One protocol for HDV screening calls for anti-HDV antibody testing in everyone positive for HBsAg. A positive anti-HDV antibody result should lead to HDV RNA testing to determine who has active HDV infection. But this straightforward matrix has not fostered much HDV screening, research suggests. One survey of people with HBV infection in US tertiary care centers in 1994-2014 found only 13% screened for HDV [4]. Other US estimates of HDV screening in HBV-positive US veterans and tertiary care patients with HBV or HIV found screening rates of 8.5% (in 1999-2013) [5] and 5% (in 1994-2014) [4].
The Barcelona researchers set out to assess adherence to EASL HDV screening guidelines in serum samples sent to a lab that analyzes samples for 400,000 people in Barcelona. This retrospective look at all anti-HDV antibody orders for HBsAg-positive samples covered records from January 2015 to May 2021. The researchers counted only the first HBsAg sample per person. A central lab analyzed samples from 1 academic hospital and 65 primary care practices in the area. The Vall D'Hebron investigators split results into the period before the EASL HDV screening guidelines (2015-2017) and the period with the guidelines in place (2018-2021).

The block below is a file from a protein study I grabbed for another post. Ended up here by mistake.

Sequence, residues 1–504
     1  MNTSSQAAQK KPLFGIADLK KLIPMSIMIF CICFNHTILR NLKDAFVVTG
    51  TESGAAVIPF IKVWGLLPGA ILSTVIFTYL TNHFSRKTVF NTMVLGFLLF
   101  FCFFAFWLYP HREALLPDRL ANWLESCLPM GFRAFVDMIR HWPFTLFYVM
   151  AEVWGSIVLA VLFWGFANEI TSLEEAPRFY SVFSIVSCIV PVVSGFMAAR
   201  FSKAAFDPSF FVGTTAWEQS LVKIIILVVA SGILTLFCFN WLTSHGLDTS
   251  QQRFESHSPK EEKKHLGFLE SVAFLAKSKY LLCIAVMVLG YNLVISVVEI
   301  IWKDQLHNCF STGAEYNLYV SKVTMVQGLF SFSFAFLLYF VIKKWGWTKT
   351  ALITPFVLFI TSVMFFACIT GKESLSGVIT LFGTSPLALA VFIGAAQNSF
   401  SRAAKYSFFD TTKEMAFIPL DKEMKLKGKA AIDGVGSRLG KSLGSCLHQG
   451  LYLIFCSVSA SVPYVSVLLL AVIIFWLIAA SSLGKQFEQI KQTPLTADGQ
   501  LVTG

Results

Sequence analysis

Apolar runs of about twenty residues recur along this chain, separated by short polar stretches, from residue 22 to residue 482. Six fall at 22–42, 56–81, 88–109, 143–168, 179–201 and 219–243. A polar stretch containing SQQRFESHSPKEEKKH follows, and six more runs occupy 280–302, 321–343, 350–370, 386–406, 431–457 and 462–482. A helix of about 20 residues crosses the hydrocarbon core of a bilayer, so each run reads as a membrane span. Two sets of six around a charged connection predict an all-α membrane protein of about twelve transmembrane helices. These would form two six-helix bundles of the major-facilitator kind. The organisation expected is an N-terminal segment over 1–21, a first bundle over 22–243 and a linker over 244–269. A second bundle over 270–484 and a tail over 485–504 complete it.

Of the 4386 HBsAg-positive samples considered throughout the study period, 360 (8.2%) got tested for anti-HDV antibody. Thirty-seven of those 360 screen samples (10.3%) came out anti-HDV positive. Among the 4386 initial HBsAg-positive samples, 1457 (33%) came from the academic hospital and 2929 (67%) from primary care practices. Of the 360 samples assayed for anti-HDV antibody, 282 (78%) came from the academic hospital and 78 (22%) from the 65 primary care clinics.